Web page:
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- Clinical trials
- HIV Infection and AIDS
- Research Ethics
- Research on Special Populations
- Drugs and Drug Industry
In many countries around the world, people who inject drugs remain at high risk of HIV acquisition not because effective forms of prevention are unknown, nor because they find effective prevention undesirable, but because those in charge, mainly politicians but also bureaucrats, find evidence-based practice politically unacceptable. The evidence for preventive efficacy of harm reduction strategies, most prominently needle and syringe programmes (sometimes called ‘needle exchange programmes’) but also treatment programmes such as opiate substitution, is irrefutable.1 However, political responses to drug use issues are varied and complex, so the will to implement appropriate harm reduction programmes in the interests of public health remains lacking in too many jurisdictions. As a consequence, the discussion of how best, in the context of research, to reduce HIV incidence in populations of people who inject drugs but are not offered comprehensive access to known prevention strategies is—tragically—an important one.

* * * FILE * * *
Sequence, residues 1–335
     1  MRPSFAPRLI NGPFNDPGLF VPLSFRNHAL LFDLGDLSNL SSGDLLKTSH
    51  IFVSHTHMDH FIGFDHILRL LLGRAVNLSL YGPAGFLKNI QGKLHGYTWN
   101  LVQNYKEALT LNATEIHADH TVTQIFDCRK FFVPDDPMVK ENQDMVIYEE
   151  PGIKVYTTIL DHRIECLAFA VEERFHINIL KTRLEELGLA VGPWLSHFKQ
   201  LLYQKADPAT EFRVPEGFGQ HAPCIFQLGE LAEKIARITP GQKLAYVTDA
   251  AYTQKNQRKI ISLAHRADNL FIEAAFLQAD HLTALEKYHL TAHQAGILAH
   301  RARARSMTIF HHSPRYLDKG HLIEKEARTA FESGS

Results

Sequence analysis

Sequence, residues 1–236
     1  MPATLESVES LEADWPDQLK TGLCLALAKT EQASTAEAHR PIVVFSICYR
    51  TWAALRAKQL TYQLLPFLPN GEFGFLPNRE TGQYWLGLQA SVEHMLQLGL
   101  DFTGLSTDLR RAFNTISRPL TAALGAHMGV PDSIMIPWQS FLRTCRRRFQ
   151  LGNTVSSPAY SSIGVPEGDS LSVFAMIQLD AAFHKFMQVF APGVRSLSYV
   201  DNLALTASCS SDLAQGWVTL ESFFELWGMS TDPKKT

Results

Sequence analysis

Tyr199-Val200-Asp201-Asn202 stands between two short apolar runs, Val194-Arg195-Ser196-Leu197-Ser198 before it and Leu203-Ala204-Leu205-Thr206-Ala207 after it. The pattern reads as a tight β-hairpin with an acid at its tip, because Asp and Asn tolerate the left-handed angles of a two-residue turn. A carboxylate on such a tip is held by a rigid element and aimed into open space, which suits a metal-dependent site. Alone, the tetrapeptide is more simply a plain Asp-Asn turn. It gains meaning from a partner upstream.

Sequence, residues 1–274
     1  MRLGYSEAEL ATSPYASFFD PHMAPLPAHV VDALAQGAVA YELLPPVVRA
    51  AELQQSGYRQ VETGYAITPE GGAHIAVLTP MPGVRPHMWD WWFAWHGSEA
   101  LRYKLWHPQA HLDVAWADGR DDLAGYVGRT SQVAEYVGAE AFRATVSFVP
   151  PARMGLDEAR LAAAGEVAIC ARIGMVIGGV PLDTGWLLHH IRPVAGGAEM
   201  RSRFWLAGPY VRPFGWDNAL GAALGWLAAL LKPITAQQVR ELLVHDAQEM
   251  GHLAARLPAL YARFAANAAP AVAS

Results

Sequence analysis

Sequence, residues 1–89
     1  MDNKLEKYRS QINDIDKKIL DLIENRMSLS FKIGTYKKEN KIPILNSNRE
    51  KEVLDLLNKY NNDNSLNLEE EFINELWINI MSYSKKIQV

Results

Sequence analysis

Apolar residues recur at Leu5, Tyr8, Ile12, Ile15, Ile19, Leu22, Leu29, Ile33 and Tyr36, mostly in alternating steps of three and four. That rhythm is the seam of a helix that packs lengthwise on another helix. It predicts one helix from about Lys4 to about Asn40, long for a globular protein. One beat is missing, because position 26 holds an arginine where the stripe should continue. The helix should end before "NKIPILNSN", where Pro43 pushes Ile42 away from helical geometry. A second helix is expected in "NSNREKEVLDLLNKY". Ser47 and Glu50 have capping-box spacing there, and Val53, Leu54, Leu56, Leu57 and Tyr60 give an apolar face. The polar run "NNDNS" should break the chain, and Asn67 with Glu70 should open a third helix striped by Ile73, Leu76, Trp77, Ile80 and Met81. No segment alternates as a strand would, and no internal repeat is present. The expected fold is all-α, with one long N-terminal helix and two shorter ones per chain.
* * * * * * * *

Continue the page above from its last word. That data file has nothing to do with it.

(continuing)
Dawson et al2 focus on access to sterile injecting equipment and recognise that this should remain the ‘default’ standard of prevention for HIV prevention trials involving people for whom injecting drug use is the primary risk factor for HIV acquisition. ‘Standard of prevention’ means the background or minimal HIV risk reduction interventions offered to all participants in a trial, regardless of what other investigational interventions they are assigned to receive. The standard of prevention concept is grounded in the ethical principle of beneficence—that researchers and sponsors are obliged to maximise benefits and minimise risks to participants in research studies.3 …
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